RuthW Sat 08-Jun-19 12:45:56

We have two greyhounds and they make lovely pets. The only problem is that they are prone to separation anxiety so you may end up with two as one may not be able to be left alone.

RuthW Sat 08-Jun-19 12:46:57

Also don't get a greyhound if you want a very energetic dog. They sleep about 22 hours a day, hate wet or cold weather and don't need much exercise.

ShoesJerry Sat 08-Jun-19 12:48:21

Our adoption process was really simple. We visited our local greyhound trust one Saturday and they'd selected four dogs for us to walk that afternoon. We liked one in particular, so they brought her to our house for a home visit the next weekend. This was partly for them to check our house (whether the garden was secure, etc) and for us to see how she responded to the house. Greyhounds have often never been in a house before, so ours was unfamiliar with stairs and surprised by noises like kettle, washing machine, tv, piano.

We really liked her and the charity were happy with us, so we arranged a date for her to come to us permanently. Around 10 days after she arrived, we confirmed with the charity that we were happy to have her and they made all the paperwork and microchip over to us.

The charity are really supportive and have given us advice on a few things like barking and how to get her to jump in the car. We go on the monthly greyhound charity walks with her to keep in touch with our local greyhound community.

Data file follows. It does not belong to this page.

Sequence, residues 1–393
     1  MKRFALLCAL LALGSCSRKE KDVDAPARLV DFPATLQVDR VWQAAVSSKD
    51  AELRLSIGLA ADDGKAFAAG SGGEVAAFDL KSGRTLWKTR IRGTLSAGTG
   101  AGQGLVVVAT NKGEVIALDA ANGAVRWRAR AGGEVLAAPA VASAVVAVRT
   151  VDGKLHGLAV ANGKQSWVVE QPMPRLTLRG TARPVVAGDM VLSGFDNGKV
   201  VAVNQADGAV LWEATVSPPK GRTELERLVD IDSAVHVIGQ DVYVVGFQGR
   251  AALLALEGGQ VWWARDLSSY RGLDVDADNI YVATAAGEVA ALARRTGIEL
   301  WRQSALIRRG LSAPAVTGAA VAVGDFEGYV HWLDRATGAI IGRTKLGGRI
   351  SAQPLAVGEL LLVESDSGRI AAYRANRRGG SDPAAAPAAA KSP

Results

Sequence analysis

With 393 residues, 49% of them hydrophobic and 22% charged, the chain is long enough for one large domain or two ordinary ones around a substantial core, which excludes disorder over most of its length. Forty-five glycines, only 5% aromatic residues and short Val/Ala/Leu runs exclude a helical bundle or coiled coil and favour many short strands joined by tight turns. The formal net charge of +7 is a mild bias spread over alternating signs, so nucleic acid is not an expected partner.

In terms of spending time with her, she arrived in the middle of the Easter holidays so we were around a lot. We decided to get her in the spring because DH and I can often work from home in the summer term (we are academics) and so we have around 6 months of being around quite a bit. I also work part time.

How we are doing things at the moment is walking her for about 30-40 mins before breakfast, then we all go out to work/school. DH comes home and gives her a lunchtime walk around 12 or 1, then ds and I get home around 3:40 and walk her again. Or sometimes one of us works from home all day. She does sleep a lot, so has been ok being left for around 5-6 hours once or twice. Mostly it's around 4 hours, though we will probably increase this in autumn term as she's more settled. We have a webcam on her so can see that she sleeps when we aren't there. We leave classic fm on for her so she's not in silence.